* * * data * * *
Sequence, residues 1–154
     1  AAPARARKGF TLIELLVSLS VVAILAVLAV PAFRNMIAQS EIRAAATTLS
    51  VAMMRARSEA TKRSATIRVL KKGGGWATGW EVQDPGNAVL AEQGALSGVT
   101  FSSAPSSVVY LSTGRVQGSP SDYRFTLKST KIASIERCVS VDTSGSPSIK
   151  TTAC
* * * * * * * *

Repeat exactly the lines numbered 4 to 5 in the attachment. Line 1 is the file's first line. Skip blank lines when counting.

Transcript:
   101  FSSAPSSVVY LSTGRVQGSP SDYRFTLKST KIASIERCVS VDTSGSPSIK
   151  TTAC